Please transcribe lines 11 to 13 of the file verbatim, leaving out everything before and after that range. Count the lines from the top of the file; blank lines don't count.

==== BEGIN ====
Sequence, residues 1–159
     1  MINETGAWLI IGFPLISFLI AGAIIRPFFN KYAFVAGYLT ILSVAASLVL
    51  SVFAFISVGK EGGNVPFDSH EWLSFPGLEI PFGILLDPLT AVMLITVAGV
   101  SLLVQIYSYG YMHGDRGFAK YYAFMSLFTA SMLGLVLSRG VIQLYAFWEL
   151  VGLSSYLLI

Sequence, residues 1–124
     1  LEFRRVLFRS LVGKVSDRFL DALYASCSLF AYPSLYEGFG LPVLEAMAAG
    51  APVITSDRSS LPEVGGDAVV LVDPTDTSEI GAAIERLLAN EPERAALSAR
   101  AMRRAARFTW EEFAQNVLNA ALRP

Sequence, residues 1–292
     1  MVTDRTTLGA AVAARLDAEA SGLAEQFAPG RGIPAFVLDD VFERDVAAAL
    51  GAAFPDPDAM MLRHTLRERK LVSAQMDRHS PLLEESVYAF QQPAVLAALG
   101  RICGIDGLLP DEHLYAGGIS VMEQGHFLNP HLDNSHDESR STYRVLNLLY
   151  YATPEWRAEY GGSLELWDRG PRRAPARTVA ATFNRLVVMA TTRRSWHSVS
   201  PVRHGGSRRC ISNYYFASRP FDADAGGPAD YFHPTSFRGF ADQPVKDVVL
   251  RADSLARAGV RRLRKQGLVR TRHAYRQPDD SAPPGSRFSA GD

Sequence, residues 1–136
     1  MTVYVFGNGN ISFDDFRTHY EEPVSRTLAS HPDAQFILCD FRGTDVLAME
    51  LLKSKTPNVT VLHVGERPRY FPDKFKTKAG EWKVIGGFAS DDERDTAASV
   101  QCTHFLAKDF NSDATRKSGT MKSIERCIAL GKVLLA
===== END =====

     1  MVTDRTTLGA AVAARLDAEA SGLAEQFAPG RGIPAFVLDD VFERDVAAAL
    51  GAAFPDPDAM MLRHTLRERK LVSAQMDRHS PLLEESVYAF QQPAVLAALG
   101  RICGIDGLLP DEHLYAGGIS VMEQGHFLNP HLDNSHDESR STYRVLNLLY